Even if you have a lot of work to do, if you think of it as wonderful, and if you feel it as wonderful, it will transform into the energy of joy and fire, instead of becoming a burden.
–Tulku Thondup Rinpoche
When I was in graduate school, my best friend in the program, Lori, and I would sometimes launch a friendly competition to see who could start the best procrastination project to avoid completing our challenging assignments.
One month my procrastination project was organizing a folder of recipes I’d ripped from magazines – even more ridiculous since I didn’t cook at the time. Lori handily won the contest after spending an entire Saturday afternoon drawing and cutting out adhesive flower petals and putting them on the bottom of her bathtub!
Somehow, despite our creative diversions, we both graduated, but not without a lot of suffering. Even when we were engaged in our avoidance activities, we were never truly free of the heaviness and anxiety of postponing our work.
Can you relate?
Fast forward 10 years. I’m attending an orientation program at my son’s high school where the faculty is reviewing the character-based guidelines that are the bedrock of the community. Not only did the school insist the students follow the guidelines, but they also encouraged the parents to do so as well.
This is where I was introduced to the motto: “Hard before easy” and boy does it work!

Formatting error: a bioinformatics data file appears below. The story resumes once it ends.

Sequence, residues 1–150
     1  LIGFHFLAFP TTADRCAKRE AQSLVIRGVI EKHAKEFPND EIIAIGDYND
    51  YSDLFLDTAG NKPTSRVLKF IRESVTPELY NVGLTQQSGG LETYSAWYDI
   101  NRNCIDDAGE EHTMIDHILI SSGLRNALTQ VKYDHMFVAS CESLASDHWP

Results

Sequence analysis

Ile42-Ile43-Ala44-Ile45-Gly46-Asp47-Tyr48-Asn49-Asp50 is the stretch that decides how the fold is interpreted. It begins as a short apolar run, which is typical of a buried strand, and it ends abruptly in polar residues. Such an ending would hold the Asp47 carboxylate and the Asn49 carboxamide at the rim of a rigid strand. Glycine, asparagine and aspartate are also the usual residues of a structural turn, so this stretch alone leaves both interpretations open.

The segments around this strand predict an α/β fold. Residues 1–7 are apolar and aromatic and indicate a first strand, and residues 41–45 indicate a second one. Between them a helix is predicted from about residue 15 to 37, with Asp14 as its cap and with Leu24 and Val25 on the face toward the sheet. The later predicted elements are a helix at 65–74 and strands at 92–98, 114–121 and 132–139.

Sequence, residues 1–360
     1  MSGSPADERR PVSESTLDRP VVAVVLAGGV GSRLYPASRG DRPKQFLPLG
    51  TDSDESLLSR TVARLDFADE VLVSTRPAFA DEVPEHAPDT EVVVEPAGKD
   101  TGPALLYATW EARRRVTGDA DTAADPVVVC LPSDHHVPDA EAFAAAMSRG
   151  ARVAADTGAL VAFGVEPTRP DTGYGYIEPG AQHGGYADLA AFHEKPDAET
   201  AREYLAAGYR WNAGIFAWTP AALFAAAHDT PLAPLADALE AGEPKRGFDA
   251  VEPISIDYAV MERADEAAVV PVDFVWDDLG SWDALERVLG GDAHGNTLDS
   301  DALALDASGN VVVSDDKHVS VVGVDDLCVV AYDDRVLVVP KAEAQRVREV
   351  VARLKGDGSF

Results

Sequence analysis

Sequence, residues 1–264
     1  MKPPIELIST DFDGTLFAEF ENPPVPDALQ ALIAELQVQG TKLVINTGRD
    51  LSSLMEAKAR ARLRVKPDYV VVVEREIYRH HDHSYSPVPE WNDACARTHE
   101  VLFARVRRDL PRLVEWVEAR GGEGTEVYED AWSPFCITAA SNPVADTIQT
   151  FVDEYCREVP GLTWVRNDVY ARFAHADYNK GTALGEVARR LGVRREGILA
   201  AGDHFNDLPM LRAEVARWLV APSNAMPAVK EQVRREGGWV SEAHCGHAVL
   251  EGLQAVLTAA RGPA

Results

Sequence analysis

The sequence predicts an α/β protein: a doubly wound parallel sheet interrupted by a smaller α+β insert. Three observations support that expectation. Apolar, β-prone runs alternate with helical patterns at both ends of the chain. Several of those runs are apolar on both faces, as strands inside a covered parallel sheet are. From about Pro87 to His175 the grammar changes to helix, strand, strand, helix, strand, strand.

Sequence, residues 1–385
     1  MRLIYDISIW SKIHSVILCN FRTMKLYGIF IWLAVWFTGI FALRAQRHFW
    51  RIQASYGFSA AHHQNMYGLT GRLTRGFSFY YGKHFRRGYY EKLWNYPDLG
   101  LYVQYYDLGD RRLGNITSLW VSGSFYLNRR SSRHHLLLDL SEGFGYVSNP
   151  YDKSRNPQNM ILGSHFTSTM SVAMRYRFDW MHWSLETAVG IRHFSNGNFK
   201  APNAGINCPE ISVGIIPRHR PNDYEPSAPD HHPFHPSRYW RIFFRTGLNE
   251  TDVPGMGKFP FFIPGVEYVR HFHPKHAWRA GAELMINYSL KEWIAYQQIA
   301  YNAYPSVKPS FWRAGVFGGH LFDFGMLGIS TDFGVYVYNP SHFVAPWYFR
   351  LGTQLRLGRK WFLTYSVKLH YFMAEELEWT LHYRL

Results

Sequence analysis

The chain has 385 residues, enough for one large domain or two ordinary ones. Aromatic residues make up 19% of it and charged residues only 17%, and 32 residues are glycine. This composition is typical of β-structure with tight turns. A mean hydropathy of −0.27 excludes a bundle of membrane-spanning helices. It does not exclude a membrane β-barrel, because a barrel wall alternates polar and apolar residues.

Now when I consider my to-do list each day, I ask myself which task is the hardest and do my best to tackle that first. If I don’t have time to complete the task at that time, I’ll at least spend a few minutes getting it started – often the hardest part.
For instance, one item on my to-do list this week is giving some difficult feedback to a vendor I work with who hasn’t been delivering. This is something that could easily prompt me to dive into a procrastination project like Googling recipes for the perfect guacamole. But instead, I spent the first 15 minutes of my workday writing my notes for the conversation and scheduling our meeting. Just taking these first small steps on this hard item made me feel more comfortable and more confident.
Once we have the conversation, I’ll Google guac recipes as a reward.
And if I’m really productive this week, maybe I’ll even make it!
So dear reader, tell me, what “hard thing” you’ll do today.